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Never drive after drinking alcohol or taking drugs.

Recognizing Drunk Drivers:

A driver may be intoxicated if he or she exhibits any of
the following behavior:

1. Fails to stay in lane or weaves from one lane to next.

2. Drives without headlights at night.

3. Drives erratically - stops, turns, swerves suddenly or reacts slowly.

4. Narrowly avoids hitting objects or other vehicles.

5. Keeps windows open in cold or inclement weather.

6. Signaling that is inconsistent with driving actions.

7. Driving slower than 10 mph below the speed limit.

8. Accelerating or decelerating quickly.

9. Turning with wide radius.

10. Signaling that is inconsistent with driving actions.

11. Slow response to traffic signals.

12. Stopping without cause in traffic lane.

13. Turning abruptly or illegally.

14. Braking erratically.

15. Driving into oncoming traffic.

16. Stopping inappropriately other than in a traffic lane.

Alcohol is a major killer on our roads.
About one half of all traffic deaths are alcohol related.

Effects of alcohol:

Blood Alcohol Concentration ( BAC ) refers to the amount
of alcohol contained in a person's blood.
It is measured as weight per unit of volume.
Typically this measurement is converted to a percentage such
as 0.10%, which indicates that one-tenth of a percent of a
person's blood is alcohol.

In Wisconsin, the BAC legal limit is 0.08 percent, which is also the
level at which all drivers, even experienced drivers, are impaired with
respect to critical driving skills.

Visual problems

Alcohol can cause double or multiple vision and blurring.
It also reduces peripheral vision, making it difficult to see
vehicles approaching from the right.

Loss of concentration
Drinking may cause drowsiness.
When alertness decreases, the chances of having an accident

Slowed reaction time
Drinking slows reflexes and hinders coordination.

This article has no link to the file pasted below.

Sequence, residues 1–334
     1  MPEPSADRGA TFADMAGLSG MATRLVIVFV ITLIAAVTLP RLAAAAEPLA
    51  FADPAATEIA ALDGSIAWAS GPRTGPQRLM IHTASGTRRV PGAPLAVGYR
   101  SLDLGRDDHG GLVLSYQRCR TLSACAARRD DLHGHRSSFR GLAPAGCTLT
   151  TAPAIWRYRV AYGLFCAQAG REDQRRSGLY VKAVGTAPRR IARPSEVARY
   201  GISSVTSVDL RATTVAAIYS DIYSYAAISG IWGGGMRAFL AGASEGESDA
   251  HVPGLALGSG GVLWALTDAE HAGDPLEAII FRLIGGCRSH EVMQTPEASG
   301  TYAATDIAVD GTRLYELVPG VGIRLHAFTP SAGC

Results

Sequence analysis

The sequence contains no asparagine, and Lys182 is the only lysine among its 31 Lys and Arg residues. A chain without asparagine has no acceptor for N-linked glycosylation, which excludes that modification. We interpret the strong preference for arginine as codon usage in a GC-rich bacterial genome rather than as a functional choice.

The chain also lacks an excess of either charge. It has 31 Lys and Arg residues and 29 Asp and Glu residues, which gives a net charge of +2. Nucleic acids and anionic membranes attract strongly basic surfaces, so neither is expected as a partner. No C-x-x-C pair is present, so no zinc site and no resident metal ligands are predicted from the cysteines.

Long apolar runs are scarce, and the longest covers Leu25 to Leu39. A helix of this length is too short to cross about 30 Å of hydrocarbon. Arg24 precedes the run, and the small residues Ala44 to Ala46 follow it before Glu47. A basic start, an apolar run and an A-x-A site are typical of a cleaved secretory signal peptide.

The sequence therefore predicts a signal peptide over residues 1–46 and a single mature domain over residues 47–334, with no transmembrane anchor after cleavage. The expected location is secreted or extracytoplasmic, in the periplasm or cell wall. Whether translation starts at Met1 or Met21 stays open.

Drivers who can't react quickly are a hazard to themselves and others.

Poor judgment
Alcohol acts like an anesthetic, dulling areas of the brain that
enable people to make sensible decisions.

Risks of Alcohol
People fail to recognize alcohol's handicapping effects.
Some drinkers mistakenly think that alcohol improves their driving

People foolishly believe that coffee, a cold shower, exercise or
fresh air can sober them up.

Time is the only way to sober up.
Some people lack experience as drivers.

The result may be unpredictable driving behavior when they are drunk,
possibly leading to tragedy.

People don't realize that beer and wine are just
as potent as hard liquor.

12 oz. of beer, 5 oz. of wine and 1.5 oz. of 80 proof
liquor all contain the same amount of alcohol.

Don't drink and drive and don't ride with anyone who has
too much to drink.

Be a true Friend:
Most problem drinkers and drug-takers deny their problems,
their fear, their anger, their guilt; and they deny that
their impaired driving is a criminal act.

If you really want to help when you see your friend
has been drinking and wants to drive, say NO!
When your mind tells you that your friend is capable
of blatantly killing other road users.

If they are a close friend, try and use a soft, calm approach at first.
Suggest to them that they’ve had too much to drink and it would be
better if someone else drove or if they took a cab.

Persuade your family, friends, co-workers, etc. that drinking
& driving is unacceptable.
Actions speak louder than words.
Your behavior will clearly support your outrage at this
preventable homicide on our roads.

Be calm. Make light of it.
Try to make it sound like you are doing them a favor.
If they are a best friend, spouse, or significant other, tell them that
if they insist on driving, you are not going with them.
Suggest that you will call someone else for a ride, take a cab, or walk.

Remember, it is usually themselves and their passengers
who are harmed by drunk drivers.
The risk of collision for drunk drivers is several hundred
times higher than for a non-drinking driver.

Every single injury and death caused by drunk driving is
totally preventable.
Unfortunately, over 20% of all traffic fatalities in the U.S.
each year are caused by drunk drivers.
Thus, drunk driving remains a serious national problem
that tragically affects thousands of victims annually.